While your kids are going to love offense, you as the coach need to always preach that it is defense that wins championships. Fairly quickly you are going to feel like you need to focus almost all your practice time on offense.  Early in the season, particularly with kids you’ve never coached before, the offense is going to seem so much more complicated to them. You will be tempted to focus all your practice time on those fancy offensive plays. You will need to resist that urge, because ignoring practicing defense is the exact opposite of what you should be doing. Instead, pick one or two offensive plays to master, and then spend A LOT of time focusing on defense. Putting a heavy emphasis on defense will pay huge dividends for your team. We always told our kids: “If they can’t score, they can’t win!” We would even use this as a pre-game pump up chant:

Coach: “IF THEY CAN’T SCORE…”

Team: “THEY CAN’T WIN!”

Master the Basics

There are two basic skills that kids need to master if you are going to have success as a team: pulling flags and catching balls. At first glance you might think “sure, that makes sense. One is about offense and one is about defense.” Wrong! Pulling flags is certainly about defense, but so is catching balls. When the other team tries to throw a pass, it is the job of the defenders to go get that ball. In youth flag football, quarterbacks are going to try to pass on you, especially if they have a coach that doesn’t know that passing is a dangerous strategy. These kids aren’t NFL caliber quarterbacks. Their passes are likely to be short, or long, or slow-arcing ducks. The opportunities for interceptions will be there many times in each game, unless your kids are just completely out of position. And if they are in positon, they have to take advantage of those opportunities. There is nothing so crushing to a team’s spirit as throwing an interception. You take the ball away from their offense, taking away one of their few chances to put points on the board, and put it right back in your hands, often with good field position. You may even score a quick six points on the interception. So in your drills practice pulling flags and catching balls more than anything else.

Pulling Flags

When it comes to pulling flags, one tendency that you will see in your kids is they will try to side-step an oncoming ball-carrier. Then they will try to reach out and pull their flag from the side as the runner flies by. I describe this as a matador holding out his cape and side-stepping the oncoming bull. This is really poor technique, and trust me, you will probably never fully get them out of it. I had kids play for me every spring and fall for 5 years, and they still did it sometimes.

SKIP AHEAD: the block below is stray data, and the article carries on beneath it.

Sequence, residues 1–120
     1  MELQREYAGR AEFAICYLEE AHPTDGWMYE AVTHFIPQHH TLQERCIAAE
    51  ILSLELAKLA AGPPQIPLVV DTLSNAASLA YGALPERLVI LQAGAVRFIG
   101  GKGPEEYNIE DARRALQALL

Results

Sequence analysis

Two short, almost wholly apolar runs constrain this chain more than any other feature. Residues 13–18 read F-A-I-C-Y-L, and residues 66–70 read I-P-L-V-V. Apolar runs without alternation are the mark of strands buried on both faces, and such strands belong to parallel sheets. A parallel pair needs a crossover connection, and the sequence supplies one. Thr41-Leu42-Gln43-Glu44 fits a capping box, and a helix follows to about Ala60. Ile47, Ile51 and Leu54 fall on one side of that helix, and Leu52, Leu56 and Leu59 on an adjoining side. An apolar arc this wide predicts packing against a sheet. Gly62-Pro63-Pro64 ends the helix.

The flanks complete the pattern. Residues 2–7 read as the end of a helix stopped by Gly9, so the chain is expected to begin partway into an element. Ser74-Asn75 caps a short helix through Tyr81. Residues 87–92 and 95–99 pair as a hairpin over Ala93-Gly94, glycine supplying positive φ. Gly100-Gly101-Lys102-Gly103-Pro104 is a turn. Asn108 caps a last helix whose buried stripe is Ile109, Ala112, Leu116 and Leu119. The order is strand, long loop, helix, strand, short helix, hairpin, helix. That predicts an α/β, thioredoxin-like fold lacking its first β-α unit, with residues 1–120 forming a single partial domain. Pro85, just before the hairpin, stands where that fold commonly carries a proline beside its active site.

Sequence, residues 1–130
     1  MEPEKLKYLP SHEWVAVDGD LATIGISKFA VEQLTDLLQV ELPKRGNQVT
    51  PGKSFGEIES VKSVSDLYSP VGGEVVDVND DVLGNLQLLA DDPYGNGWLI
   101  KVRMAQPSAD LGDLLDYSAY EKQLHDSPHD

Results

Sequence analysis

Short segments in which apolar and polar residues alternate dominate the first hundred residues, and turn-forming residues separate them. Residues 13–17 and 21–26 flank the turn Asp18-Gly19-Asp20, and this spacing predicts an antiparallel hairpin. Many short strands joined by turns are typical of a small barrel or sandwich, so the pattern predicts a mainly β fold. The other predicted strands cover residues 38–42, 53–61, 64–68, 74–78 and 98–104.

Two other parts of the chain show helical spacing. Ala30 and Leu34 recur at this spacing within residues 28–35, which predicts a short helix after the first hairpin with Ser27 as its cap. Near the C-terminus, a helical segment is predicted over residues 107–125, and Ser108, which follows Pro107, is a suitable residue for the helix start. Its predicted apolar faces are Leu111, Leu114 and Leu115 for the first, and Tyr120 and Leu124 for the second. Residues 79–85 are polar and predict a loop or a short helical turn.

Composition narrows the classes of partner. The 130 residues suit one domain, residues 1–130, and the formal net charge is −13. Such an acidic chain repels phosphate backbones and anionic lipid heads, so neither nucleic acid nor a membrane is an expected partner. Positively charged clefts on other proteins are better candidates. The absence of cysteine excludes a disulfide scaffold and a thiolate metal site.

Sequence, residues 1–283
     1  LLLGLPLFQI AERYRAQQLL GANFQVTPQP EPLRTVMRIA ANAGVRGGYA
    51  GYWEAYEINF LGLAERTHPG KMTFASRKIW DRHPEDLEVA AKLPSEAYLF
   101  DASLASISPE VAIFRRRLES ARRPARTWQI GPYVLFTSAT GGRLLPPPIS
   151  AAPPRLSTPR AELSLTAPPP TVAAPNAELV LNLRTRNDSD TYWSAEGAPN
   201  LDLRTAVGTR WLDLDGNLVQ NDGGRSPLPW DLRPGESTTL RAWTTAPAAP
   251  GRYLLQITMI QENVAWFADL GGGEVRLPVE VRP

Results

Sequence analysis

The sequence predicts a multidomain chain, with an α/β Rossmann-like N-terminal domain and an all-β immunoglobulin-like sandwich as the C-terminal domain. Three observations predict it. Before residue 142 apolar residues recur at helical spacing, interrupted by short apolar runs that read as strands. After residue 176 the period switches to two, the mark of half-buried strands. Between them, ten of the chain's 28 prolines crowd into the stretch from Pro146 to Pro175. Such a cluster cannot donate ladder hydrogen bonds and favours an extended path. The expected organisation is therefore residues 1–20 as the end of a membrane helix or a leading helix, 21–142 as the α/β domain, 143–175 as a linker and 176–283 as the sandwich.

Here are the elements of proper flag pulling that you need to drill into their heads:

  • Don’t stand there and wait for the runner to come to you — close the distance
  • Break down your stride into short choppy steps as you get close
  • Watch their hips as you go in for the flags, not their eyes or head (they are likely to get faked out when watching the runners eyes)
  • Try to square up on them and reach out both hands, one to each hip, and try to pull both flags off either side, without grabbing or “tackling” the runner. Alternatively, grab one flag with both hands strongly.
  • Be prepared to run with the runner if you miss the flag pull

Help Defense

In addition to each one of them learning the fundamentals at the individual level, you should preach and practice the concept of help defense. This is all about what happens when the play gets going and the ball carrier is coming toward one of your players. Once the ball carrier has crossed the line of scrimmage, the rest of the team can’t just stand there and watch as one teammate tries to pull the flag. Instead, everyone should be swarming to the ball as fast as they can. This does two things. First, you take away maneuvering room for the ball carrier, which makes it much easier to pull their flag and limits their yard gained. Second, if the first defender misses the flag pull, there are others there to help. Notice that I said everyone should swarm to the ball once the ball carrier has crossed the line of scrimmage. Before that, there is always the possibility of a pass, so your kids will have to learn when to continue to cover their man or zone, and when to swarm to the ball.

Defense boxing in

When they do come in to swarm the ball, practice having them box the ball carrier in. The closest one needs to square up right in front of the ball carrier, but as others come in they should create a “box” around the ball carrier to take away their ability to maneuver and break away. Note that the sideline is a extra defender when the play is on near it.

Focus on these basics, and you will start creating a smothering, disruptive defense!

This blog post covers just a tiny portion of what is in the eBook, Coach Hero to Coach Zero. Would you like to learn more about the book?
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